Other Animals

Photography: Deserts


Photography: Deserts


by Ron Toel

Other Articles by Ron Toel:

Choosing the Right CameraSkyscapesLandscapes with AnimalsAbstract PhotographyClose-up PhotographyNatural FramesNature / Wildlife PhotographyNature / Wildlife PhotographyWildlife Photography from VehiclesTaking Photos at ZoosPhotography at Game FarmsGrassland PhotographMountain PhotographyWetland PhotographyWoodland PhotographyThe Beauty of Snow and IceGeothermal PhotographyStalking Your TargetsNature’s CalendarThe Color of LightTwilight PhotographyEtiquetteIdeas to Enhance Watching WildlifeReasons for Attending a WorkshopKeeping Your Awareness

Unrelated to Photography: AlligatorsElephant SealsRuby-throated HummingbirdsWood Storks

Ron Toel - Nature Photographer



Arid regions, for the photographer, really test one’s art for seeing. Since they offer a minimum in the choice of scenery, because it is scenes with rocks and little or no vegetation, but usually has many sand forms which are constantly changing.

The more arid a desert is, the less vegetation there is and so the stark scenery is even more.  In extreme deserts, the bare topography makes fine material the simplified images.  Not only are these arid deserts unusual and interesting because of their contrast with other habitats, but they also provide a rare chance to create geometric images.  With little or no grass, shrub, or trees, the important elements within the image is the shapes and textures of the rocks and sand.

There are three types of desert topography.  These are all influenced by the wind…..which becomes important only when there are no plants available.  Desert pavement is a surface of rocks and gravel scoured by fine particles of wind.  Sand dunes occur where the wind is forced to slow down.  Thus it drops its load of sand.  This happens on the lee side of rocks and low hills.  Once a sand dune has begun, they always continue to add more sand and grow.  Rocky hills stick out from the level sands.  They become weathered by the violent actions of the runoff from the occasional storms, or the strong winds blowing sand, and the flaking due to temperature changes.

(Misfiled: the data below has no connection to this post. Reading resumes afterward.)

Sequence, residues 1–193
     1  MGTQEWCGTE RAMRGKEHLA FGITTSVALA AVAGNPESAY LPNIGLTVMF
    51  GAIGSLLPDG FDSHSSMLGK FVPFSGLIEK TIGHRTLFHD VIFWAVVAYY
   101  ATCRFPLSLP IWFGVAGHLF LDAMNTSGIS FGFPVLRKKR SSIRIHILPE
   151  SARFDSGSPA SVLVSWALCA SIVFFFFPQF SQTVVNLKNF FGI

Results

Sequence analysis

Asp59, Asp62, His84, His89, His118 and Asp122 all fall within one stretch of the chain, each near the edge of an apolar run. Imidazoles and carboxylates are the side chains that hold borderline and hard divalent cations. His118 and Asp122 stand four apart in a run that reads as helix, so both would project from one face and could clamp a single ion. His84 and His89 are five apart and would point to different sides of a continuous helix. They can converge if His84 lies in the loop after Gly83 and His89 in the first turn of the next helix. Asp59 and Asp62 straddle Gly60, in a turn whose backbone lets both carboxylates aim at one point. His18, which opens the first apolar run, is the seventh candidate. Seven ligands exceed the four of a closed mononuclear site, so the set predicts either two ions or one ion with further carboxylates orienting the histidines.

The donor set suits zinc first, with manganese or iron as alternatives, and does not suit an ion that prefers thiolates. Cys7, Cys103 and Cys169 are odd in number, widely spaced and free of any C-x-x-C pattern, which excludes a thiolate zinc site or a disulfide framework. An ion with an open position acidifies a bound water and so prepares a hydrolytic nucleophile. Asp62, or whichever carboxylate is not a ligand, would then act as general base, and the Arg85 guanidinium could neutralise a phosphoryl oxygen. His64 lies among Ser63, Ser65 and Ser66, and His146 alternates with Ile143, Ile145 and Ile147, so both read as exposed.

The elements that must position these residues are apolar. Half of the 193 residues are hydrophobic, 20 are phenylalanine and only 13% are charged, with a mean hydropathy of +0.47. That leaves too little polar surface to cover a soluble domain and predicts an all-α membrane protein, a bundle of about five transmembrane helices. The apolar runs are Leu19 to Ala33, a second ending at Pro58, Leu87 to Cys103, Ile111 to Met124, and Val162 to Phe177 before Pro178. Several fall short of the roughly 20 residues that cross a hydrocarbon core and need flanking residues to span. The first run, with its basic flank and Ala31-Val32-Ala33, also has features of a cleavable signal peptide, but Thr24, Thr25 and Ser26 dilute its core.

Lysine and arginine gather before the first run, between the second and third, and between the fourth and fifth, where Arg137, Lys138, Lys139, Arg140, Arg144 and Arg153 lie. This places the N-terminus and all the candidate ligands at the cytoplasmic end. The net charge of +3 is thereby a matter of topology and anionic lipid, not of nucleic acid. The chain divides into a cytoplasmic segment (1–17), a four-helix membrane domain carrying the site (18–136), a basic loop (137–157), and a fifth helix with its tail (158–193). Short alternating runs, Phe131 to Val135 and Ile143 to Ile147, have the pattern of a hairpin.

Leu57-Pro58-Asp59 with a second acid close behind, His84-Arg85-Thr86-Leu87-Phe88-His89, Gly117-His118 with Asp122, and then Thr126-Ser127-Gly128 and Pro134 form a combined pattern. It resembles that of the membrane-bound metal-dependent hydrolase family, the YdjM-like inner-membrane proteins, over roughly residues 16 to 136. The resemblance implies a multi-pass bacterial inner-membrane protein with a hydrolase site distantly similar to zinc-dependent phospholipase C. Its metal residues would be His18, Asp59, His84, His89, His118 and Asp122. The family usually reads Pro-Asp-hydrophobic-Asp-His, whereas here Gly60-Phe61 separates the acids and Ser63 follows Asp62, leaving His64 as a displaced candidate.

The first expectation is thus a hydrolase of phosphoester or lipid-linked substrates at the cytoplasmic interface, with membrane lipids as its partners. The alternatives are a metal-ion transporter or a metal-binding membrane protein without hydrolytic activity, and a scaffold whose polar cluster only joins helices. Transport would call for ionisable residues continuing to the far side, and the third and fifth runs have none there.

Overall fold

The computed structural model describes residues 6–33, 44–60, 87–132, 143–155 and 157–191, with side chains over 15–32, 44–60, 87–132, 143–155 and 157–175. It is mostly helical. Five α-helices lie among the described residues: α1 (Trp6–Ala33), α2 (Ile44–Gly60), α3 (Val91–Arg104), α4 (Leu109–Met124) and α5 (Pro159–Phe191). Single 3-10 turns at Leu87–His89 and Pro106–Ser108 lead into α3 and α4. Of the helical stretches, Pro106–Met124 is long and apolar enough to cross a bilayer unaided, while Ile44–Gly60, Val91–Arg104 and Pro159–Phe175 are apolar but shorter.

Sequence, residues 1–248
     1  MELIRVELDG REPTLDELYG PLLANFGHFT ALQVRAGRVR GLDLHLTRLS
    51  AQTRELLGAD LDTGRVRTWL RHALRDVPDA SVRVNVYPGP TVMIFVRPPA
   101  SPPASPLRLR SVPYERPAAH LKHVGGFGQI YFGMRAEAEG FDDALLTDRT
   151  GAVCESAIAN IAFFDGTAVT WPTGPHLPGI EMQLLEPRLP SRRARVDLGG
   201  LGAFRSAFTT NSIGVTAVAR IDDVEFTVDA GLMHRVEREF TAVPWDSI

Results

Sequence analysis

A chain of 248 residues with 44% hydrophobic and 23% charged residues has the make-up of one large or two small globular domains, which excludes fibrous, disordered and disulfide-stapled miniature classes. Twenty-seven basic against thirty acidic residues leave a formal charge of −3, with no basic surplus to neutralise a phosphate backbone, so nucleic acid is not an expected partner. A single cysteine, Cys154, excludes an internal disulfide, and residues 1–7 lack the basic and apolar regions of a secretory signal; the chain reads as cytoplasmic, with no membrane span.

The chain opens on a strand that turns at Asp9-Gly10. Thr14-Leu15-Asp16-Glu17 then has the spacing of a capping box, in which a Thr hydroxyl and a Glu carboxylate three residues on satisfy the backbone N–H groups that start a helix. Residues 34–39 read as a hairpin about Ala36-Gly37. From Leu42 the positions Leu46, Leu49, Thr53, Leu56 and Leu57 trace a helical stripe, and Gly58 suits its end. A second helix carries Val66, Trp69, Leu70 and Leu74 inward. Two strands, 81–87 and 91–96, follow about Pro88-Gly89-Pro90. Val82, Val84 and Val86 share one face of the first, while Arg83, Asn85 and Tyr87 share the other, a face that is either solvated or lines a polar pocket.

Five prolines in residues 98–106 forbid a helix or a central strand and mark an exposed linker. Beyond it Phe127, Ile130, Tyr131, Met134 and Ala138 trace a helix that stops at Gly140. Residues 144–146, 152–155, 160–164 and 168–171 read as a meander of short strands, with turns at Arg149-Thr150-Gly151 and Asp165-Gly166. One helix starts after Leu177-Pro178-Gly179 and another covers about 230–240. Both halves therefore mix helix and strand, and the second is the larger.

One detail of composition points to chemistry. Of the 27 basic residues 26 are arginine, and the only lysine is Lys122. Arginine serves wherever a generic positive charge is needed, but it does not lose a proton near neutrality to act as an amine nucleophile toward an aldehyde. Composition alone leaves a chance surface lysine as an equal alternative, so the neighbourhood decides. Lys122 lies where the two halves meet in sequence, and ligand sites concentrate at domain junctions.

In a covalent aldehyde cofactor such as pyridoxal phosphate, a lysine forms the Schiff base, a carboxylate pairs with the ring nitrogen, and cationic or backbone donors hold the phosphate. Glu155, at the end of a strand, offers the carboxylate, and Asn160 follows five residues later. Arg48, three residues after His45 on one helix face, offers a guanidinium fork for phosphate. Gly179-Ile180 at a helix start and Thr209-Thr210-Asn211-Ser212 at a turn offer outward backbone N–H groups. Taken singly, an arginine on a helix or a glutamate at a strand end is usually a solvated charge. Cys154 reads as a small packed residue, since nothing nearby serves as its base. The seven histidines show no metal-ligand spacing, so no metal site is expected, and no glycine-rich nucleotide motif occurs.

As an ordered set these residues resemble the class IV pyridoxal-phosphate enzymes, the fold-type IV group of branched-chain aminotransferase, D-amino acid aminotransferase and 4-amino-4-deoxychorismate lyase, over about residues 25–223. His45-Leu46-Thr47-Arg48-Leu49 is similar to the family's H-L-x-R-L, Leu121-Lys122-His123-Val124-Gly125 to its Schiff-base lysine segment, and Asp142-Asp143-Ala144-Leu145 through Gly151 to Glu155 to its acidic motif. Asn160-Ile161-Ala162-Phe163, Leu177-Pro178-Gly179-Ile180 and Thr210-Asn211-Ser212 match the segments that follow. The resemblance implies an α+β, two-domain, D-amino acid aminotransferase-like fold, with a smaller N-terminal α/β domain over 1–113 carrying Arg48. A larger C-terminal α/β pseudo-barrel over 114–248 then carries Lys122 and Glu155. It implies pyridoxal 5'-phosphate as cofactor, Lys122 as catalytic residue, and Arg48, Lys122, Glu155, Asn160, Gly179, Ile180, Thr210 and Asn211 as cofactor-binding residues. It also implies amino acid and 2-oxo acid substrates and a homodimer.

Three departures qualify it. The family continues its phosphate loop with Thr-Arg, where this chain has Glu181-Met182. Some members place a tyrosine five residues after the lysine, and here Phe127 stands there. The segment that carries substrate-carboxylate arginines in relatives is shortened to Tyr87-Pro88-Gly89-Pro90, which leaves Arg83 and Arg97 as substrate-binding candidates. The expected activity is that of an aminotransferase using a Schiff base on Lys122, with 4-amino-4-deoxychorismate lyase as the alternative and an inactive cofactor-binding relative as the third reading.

Desert bushes, grasses, or cacti modify the quality of the landscapes and are more common than bare sand or rock.  Even though most of the plants make for less desirable images.  Certain types of plants have very definite shapes ( saguaro cactus) that can be used for graphic compositions.

Because of so little rainfall, desert light can be very predictable. Low-in-the-sky sun positions give the most positive results for shapes and textures ( ripples in the sand or eroded rack surfaces).  In the heat of the day, heat shimmers may give a partly blurred image, especially with long lenses.  Ultraviolet and polarizing filters usually help this problem.  These filters also correct the high reflections of the sand and rock.

The desert is one place where one needs extra care in the protection of one’s delicate electronic equipment.  Dust and grit tend to find all the cracks and grooves of the bodies and lenses.  Also, protect them from the intense heat.

Even though adverse conditions exist, this doesn’t mean that one should avoid the challenge of these types of places.  Put in your “good eye” and create a masterpiece.  This type of place is Wayne’s favorite, it may become yours as well.  


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Gordon Ramel

Gordon is an ecologist with two degrees from Exeter University. He's also a teacher, a poet and the owner of 1,152 books. Oh - and he wrote this website.
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